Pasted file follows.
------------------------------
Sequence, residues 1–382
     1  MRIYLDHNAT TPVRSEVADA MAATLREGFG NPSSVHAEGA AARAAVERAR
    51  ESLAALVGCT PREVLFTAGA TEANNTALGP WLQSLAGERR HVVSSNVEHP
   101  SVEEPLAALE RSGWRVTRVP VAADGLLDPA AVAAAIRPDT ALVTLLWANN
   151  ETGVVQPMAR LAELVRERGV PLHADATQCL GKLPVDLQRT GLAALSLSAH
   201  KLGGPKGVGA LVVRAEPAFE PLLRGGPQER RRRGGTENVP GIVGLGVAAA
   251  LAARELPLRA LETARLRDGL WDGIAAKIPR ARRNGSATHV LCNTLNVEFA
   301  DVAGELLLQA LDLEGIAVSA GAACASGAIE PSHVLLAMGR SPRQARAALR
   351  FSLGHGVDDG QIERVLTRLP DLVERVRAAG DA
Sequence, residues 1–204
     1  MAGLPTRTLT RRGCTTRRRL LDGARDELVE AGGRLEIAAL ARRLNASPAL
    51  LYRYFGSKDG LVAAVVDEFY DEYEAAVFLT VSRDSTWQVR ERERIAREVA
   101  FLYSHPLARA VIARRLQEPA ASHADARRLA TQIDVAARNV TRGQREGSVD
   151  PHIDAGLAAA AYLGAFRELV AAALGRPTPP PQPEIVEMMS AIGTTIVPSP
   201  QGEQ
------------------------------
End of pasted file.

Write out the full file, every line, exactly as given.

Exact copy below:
Sequence, residues 1–382
     1  MRIYLDHNAT TPVRSEVADA MAATLREGFG NPSSVHAEGA AARAAVERAR
    51  ESLAALVGCT PREVLFTAGA TEANNTALGP WLQSLAGERR HVVSSNVEHP
   101  SVEEPLAALE RSGWRVTRVP VAADGLLDPA AVAAAIRPDT ALVTLLWANN
   151  ETGVVQPMAR LAELVRERGV PLHADATQCL GKLPVDLQRT GLAALSLSAH
   201  KLGGPKGVGA LVVRAEPAFE PLLRGGPQER RRRGGTENVP GIVGLGVAAA
   251  LAARELPLRA LETARLRDGL WDGIAAKIPR ARRNGSATHV LCNTLNVEFA
   301  DVAGELLLQA LDLEGIAVSA GAACASGAIE PSHVLLAMGR SPRQARAALR
   351  FSLGHGVDDG QIERVLTRLP DLVERVRAAG DA
Sequence, residues 1–204
     1  MAGLPTRTLT RRGCTTRRRL LDGARDELVE AGGRLEIAAL ARRLNASPAL
    51  LYRYFGSKDG LVAAVVDEFY DEYEAAVFLT VSRDSTWQVR ERERIAREVA
   101  FLYSHPLARA VIARRLQEPA ASHADARRLA TQIDVAARNV TRGQREGSVD
   151  PHIDAGLAAA AYLGAFRELV AAALGRPTPP PQPEIVEMMS AIGTTIVPSP
   201  QGEQ